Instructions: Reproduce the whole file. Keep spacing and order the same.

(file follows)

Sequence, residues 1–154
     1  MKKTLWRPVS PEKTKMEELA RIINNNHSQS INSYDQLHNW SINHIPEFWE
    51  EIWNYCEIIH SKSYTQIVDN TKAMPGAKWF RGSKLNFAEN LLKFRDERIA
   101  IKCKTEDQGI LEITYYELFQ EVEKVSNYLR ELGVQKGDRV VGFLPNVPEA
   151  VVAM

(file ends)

Sequence, residues 1–154
     1  MKKTLWRPVS PEKTKMEELA RIINNNHSQS INSYDQLHNW SINHIPEFWE
    51  EIWNYCEIIH SKSYTQIVDN TKAMPGAKWF RGSKLNFAEN LLKFRDERIA
   101  IKCKTEDQGI LEITYYELFQ EVEKVSNYLR ELGVQKGDRV VGFLPNVPEA
   151  VVAM